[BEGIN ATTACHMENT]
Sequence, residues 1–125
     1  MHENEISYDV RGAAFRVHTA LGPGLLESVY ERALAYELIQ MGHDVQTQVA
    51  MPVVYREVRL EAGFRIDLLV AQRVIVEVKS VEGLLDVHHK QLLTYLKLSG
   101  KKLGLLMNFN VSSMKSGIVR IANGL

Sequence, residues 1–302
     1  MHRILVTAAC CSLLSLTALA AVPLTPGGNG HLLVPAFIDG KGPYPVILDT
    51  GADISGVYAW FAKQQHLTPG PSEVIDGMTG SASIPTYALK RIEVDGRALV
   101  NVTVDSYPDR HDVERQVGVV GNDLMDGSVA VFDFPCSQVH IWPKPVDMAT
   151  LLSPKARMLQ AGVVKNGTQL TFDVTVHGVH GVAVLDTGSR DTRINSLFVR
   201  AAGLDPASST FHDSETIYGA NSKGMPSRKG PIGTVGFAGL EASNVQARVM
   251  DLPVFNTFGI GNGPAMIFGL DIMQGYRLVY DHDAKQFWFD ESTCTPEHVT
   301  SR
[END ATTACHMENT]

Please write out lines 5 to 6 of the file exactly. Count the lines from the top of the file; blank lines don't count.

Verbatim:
Sequence, residues 1–302
     1  MHRILVTAAC CSLLSLTALA AVPLTPGGNG HLLVPAFIDG KGPYPVILDT